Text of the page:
Hosting toy Rails and Django apps using Passenger

I like writing small self-contained applications, and I like writing then using nice high-level application frameworks like Django and Rails. Alas, I also like being able to run these services for the foreseeable future, and that’s a lot harder than writing them is. Running a single Rails or Django application consumes an appreciable chunk of the memory on my tiny colo, and I currently have about 5 projects I really want running all the time (this could easily grow to 50 if I had a sufficiently good way of hosting them). Ideally, I’d never stop hosting these things. Otherwise what’s the point?

It’s sometimes tempting to just write all my toys in PHP. I’m certain that PHP has the mind-share that it does primarily because it’s so incredibly easy to deploy. Ease of development is utterly trumped by ease of deployment for anything not written for internal use only for a large company. tar is easier to use than mongrel, so there are more deployed PHP apps than Rails apps. But I’m not that desperate. I like my nice frameworks.

I tried Heroku as an external host for my apps for a bit, and it’s great. Very easy to start things, very easy to leave them up, and the free hosting plan is perfectly adequate for your average web application. Alas, there are a couple of raw edges that only really became apparent after using them for a few weeks. Firstly, they want to charge me for using custom domains, and I’m not willing to park my apps on domains that don’t belong to me. Secondly, their service goes through odd periods of 500 errors. This doesn’t bother me – what does bother me is that there is no official reaction to any of the complaints about it on what seems to be the official mailing list. Finally, quite a lot of the things I do need cron scripts, for polling services, etc, and the heroku crons (a) aren’t very reliable that I’ve found, and (b) cost money. So I’m edging away from them recently. Would still recommend them for prototyping, not sure I’d want to host anything Real there just yet.

(An aside – I’m not unwilling to pay any money at all. I will happily pay money for things that matter. But these apps are toys. The average number of users they have is ‘1’. I’m not willing to pay a fiver a month per application to be able to host them on my domain rather than Heroku’s domain. A fiver a month for all of them at once? Sure. But the Heroku payment model assumes that you have a small number of apps that you care about, rather than a large number of apps that you don’t.)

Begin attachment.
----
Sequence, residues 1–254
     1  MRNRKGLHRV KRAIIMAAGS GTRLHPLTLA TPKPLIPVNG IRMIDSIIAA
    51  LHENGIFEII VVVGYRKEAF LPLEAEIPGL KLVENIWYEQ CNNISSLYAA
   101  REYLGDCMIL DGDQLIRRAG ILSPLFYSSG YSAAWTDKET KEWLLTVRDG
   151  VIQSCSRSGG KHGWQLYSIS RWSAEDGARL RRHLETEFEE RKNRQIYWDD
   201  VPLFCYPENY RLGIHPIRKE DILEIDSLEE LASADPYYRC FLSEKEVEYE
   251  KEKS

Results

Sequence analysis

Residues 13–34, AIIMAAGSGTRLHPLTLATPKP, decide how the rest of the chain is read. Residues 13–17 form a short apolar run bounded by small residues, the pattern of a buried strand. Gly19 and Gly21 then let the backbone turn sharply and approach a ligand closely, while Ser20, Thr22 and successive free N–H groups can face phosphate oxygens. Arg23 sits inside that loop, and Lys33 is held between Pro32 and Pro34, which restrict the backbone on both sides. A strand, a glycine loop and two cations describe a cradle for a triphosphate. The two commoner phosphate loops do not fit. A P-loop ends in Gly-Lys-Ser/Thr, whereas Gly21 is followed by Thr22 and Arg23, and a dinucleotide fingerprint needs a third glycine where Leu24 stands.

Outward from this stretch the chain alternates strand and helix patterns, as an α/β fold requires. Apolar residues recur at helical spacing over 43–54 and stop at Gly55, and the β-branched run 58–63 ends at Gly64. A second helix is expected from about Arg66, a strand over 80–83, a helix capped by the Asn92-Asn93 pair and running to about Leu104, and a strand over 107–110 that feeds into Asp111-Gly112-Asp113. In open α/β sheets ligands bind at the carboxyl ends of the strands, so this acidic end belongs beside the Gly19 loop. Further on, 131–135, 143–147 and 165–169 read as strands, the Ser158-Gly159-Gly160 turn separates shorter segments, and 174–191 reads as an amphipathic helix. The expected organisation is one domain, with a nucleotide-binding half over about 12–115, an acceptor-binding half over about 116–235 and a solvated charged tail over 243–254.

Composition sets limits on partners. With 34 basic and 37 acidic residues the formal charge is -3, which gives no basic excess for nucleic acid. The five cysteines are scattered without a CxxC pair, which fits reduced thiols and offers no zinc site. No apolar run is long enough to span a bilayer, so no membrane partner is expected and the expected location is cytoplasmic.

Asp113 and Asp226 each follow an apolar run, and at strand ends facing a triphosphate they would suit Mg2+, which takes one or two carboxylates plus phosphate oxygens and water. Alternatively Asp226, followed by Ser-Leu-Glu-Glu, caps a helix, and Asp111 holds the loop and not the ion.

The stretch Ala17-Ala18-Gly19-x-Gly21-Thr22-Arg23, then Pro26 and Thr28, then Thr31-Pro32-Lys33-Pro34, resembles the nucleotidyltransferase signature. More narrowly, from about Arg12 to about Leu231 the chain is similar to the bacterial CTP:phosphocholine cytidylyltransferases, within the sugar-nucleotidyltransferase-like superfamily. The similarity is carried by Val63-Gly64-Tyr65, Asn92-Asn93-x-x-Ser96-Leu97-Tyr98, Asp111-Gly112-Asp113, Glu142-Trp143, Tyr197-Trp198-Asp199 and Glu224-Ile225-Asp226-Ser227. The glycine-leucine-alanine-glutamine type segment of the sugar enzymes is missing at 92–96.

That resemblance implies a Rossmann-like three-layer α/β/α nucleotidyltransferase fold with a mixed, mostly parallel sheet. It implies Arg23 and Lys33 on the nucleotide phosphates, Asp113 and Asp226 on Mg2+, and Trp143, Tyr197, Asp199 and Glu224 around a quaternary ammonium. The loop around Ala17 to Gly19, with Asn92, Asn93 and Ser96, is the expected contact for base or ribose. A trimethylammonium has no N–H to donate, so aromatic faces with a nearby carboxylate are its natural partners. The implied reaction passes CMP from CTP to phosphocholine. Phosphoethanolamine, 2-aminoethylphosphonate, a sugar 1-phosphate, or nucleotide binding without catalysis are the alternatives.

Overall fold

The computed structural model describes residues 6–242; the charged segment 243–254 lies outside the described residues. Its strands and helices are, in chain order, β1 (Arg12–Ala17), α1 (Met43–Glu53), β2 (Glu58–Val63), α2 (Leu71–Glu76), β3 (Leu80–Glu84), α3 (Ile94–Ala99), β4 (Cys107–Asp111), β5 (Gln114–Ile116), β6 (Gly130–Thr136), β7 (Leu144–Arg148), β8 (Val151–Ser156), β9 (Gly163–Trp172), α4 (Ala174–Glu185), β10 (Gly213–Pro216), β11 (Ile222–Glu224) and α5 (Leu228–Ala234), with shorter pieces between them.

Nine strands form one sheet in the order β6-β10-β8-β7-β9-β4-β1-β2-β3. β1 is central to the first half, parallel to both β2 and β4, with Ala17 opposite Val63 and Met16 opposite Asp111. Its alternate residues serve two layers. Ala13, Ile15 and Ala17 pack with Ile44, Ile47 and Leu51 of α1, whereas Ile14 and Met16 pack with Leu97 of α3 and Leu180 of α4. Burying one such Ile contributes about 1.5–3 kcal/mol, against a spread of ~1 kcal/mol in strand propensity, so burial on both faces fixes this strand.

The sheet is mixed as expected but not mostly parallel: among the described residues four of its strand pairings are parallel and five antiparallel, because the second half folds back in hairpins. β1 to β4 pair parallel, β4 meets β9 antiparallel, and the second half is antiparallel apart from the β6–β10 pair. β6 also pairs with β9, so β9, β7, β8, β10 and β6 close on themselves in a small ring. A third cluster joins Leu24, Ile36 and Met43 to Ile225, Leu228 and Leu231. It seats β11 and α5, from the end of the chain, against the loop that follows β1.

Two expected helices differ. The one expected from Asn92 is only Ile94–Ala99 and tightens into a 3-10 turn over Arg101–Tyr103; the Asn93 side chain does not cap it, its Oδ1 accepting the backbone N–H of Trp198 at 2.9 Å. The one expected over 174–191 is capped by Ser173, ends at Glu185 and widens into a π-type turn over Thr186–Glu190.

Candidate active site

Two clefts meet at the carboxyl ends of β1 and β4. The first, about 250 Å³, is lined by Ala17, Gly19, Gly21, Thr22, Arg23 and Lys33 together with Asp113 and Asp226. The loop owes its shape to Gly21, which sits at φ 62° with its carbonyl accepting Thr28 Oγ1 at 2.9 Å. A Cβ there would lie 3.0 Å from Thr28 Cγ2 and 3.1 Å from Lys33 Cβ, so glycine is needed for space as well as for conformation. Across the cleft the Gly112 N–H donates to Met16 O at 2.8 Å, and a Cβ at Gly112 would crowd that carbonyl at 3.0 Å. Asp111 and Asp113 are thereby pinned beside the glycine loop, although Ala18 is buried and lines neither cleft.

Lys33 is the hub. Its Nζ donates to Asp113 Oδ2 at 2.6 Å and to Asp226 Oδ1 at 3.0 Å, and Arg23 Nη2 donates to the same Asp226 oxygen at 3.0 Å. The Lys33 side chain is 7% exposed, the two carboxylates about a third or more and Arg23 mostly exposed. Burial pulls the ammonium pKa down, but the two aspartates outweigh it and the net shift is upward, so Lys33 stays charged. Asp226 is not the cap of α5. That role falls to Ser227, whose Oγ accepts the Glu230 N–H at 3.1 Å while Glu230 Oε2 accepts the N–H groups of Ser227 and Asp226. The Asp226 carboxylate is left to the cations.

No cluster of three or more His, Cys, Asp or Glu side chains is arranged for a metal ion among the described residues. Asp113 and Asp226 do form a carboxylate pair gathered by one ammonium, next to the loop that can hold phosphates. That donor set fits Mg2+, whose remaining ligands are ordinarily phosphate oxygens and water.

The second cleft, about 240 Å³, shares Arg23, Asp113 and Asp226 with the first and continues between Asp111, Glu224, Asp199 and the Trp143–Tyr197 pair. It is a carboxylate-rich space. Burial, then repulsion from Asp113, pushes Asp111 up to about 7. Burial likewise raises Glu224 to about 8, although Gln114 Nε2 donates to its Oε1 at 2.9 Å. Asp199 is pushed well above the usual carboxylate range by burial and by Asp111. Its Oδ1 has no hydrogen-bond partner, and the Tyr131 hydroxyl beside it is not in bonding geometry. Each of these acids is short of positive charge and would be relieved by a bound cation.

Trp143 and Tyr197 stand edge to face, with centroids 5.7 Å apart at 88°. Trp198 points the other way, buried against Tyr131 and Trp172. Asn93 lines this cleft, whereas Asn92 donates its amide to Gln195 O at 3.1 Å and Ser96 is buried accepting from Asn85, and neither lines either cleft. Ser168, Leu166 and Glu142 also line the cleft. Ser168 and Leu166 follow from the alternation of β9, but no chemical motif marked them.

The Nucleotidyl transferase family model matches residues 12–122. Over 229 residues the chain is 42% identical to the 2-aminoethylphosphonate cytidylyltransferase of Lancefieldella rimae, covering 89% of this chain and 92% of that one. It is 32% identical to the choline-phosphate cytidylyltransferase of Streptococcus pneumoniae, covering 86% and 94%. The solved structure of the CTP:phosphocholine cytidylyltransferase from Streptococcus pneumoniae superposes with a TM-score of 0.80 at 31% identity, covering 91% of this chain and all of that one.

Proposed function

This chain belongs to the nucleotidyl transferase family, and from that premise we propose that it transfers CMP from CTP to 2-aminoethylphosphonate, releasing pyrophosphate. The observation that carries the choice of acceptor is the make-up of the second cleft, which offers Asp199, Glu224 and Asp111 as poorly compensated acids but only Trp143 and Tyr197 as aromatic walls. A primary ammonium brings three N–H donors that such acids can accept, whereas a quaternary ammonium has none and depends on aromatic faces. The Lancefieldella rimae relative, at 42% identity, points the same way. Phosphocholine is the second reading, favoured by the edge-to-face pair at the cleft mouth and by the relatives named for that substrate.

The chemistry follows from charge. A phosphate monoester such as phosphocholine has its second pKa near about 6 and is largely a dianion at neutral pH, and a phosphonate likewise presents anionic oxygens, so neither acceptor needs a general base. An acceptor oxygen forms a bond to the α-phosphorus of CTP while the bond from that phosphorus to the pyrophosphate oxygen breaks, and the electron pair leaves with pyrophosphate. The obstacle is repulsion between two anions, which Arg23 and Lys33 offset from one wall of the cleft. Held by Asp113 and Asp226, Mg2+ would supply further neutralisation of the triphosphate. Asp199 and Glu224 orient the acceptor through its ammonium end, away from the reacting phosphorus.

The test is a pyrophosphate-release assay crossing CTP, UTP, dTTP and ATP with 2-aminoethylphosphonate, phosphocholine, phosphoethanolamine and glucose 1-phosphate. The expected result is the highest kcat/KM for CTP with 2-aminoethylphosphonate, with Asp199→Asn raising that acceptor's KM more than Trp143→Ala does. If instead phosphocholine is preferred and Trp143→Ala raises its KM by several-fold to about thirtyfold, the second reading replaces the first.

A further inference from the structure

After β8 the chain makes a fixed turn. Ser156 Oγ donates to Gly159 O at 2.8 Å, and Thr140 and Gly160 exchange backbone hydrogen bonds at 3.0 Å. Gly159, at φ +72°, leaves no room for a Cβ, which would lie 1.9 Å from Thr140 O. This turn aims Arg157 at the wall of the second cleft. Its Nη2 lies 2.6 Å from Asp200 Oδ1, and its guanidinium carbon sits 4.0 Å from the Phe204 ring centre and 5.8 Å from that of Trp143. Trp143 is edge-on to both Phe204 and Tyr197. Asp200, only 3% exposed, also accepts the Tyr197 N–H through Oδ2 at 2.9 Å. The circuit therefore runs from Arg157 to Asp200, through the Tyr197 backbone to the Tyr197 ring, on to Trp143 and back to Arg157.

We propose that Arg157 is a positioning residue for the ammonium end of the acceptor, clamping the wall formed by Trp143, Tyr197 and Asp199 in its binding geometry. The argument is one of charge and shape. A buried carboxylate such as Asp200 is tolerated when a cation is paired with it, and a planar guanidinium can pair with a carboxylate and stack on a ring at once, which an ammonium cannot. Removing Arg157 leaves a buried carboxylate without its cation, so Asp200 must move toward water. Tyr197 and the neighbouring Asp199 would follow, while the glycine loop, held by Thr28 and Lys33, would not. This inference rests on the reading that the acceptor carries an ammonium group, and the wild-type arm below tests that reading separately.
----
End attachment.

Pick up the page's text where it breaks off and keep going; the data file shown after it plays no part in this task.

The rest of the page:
Anyway, my current attempt at solving this problem is Phusion Passenger (via mattb), which does exactly what I want, for Rails apps. It’s an Apache 2 or nginx module, and it’s trivially easy to install, unless you’re using Debian, which I am. Short verison? It was a lot easier to totally ignore the debian packaging system except to install ruby, then build rubygems and everything else I needed from source. Sigh. I understand there are horrible philosophical differences underlying this pain. But it’s still pain.

Once installed, you can just point your domain’s DocumentRoot at a Rails app’s ‘public’ folder, and the Right Thing happens – files in public are served directly, other requests will cause a rails process to be started, and serve your app. Enough idle time, and it’ll shut down again. Magic. My favourite part is that it’ll start up the application server as the user who owns the ‘environment.rb’ file of your application, meaning that your app is running as your user, and can do things like write files into temp folders that don’t need sudo to be able to delete again.

Not all of my projects are Rails apps, though. jerakeen.org is a Django app, for instance (this week, anyway). Unexpectedly, it turns out that Passenger will do the same thing for Django apps, though it’s not as well documented. I have a file called passenger_wsgi.py in the root folder of my Django application folder. It looks something like this (if you use this, you’ll need to change the settings module name):

import sys, os
current_dir = os.path.dirname( os.path.abspath( __file__ ) )
sys.path.append( current_dir )